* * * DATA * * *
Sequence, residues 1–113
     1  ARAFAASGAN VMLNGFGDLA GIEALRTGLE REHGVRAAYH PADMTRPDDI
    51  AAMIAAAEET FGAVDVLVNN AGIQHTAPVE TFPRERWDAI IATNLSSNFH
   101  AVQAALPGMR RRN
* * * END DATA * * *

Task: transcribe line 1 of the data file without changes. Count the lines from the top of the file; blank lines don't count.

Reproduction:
Sequence, residues 1–113